Kidney Cancer Symptoms & Treatments
The American Cancer Society’s most recent estimates for kidney cancer in the United States are about 76,0800 new cases of kidney cancer (48,780 in men and 27,300 in women) will be diagnosed. Americans are diagnosed with kidney cancer every year, representing three percent of all adult cancers. Kidney cancer, referred to as renal cell carcinoma, occurs when kidney cells begin to grow out of control.
There are several different subtypes of kidney cancer: clear cell, papillary, chromaphobe, sarcomatoid, and urothelial, among others. Treatments vary depending on the type.
Symptoms of kidney cancer
Kidney cancer, in its early stages, is quite “silent,” in that it causes no symptoms at all. As a kidney cancer grows larger, it can cause symptoms, such as blood in the urine, pain in the flank, and a bulge in the flank or abdomen. Less common symptoms include low blood count (anemia), high blood count, elevated blood calcium, fever, loss of appetite, weight loss, etc. Kidney cancer can spread to other organs, primarily to the bones, liver or lungs. Once it has spread, it is much more difficult to cure.
Fortunately, the vast majority of kidney cancers are discovered at early stages, due to the frequent use of abdominal CT scans and abdominal Ultrasound exams. More than 85 percent of patients with kidney cancer are diagnosed when the cancer is 5 cm (2 inches) or less. In general, the smaller the size of the cancer at the time of discovery, the greater the chance of cure. The cure rate for these small cancers is greater than 95 percent when treated appropriately.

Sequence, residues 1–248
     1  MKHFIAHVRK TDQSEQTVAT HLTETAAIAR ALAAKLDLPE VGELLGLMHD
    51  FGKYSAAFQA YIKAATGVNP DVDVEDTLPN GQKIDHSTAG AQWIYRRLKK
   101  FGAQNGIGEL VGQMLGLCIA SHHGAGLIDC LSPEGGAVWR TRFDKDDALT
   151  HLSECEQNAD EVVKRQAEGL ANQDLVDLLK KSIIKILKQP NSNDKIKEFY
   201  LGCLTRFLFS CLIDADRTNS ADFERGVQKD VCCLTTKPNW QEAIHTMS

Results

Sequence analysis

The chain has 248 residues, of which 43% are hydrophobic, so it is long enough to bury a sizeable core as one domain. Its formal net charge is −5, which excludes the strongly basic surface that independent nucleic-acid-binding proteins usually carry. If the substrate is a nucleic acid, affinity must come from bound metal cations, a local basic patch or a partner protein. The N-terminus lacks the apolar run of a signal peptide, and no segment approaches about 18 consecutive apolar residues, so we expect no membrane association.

Diagnosing kidney cancer
The best test to diagnose kidney cancer is the computed tomography scan (CT scan) of the abdomen. This is often combined with an ultrasound exam. These imaging studies are 99 percent accurate in establishing the diagnosis of a solid mass in the kidney, and 95 percent of solid masses are kidney cancer. Only 5 percent are benign tumors, called oncocytoma.
Another scan which is occasionally ordered is MRI (magnetic resonance imaging), which can help to make the diagnosis in difficult cases, and determine if it is invading other structures. These imaging tests are so accurate that a biopsy is rarely indicated, and often contraindicated, due to the risk of bleeding and spread of the cancer cells.
Tests are often ordered to determine if there is any spread of the cancer to other organs. These imaging studies include chest X-ray, CT scan of the chest, and bone scan. The role of PET scans (positron emission tomography) is still being studied.
Kidney cancer treatments
Treatment options for kidney cancer renal cell carcinoma) include:
- Radical nephrectomy – open, laparoscopic, or robotic laparoscopic surgery
- Partial Nephrectomy – open or robotic partial nephrectomy
- Cryoablation (freezing the tumor)
- Radiofrequency ablation (heating the tumor)
- Chemotherapy or immunotherapy
The primary treatment of kidney cancer is either traditional surgery or robotic surgery to remove it before it has spread. Kidney cancer is not very responsive to radiation therapy or standard chemotherapy, so these options play a very limited role.
Large cancers are treated my removing the entire kidney (radical nephrectomy). Since 85 percent of kidney cancers are now discovered when they are small (less than 5 cm or 2 inches), most of these cancers can be treated by just removing the tumor and preserving the rest of the kidney (partial nephrectomy, cryoablation, radiofrequency ablation).
A partial nephrectomy leads to better overall kidney function compared to radical nephrectomy when treating these small tumors. The cure rate for partial nephrectomy has been shown to be just as good as a radical nephrectomy.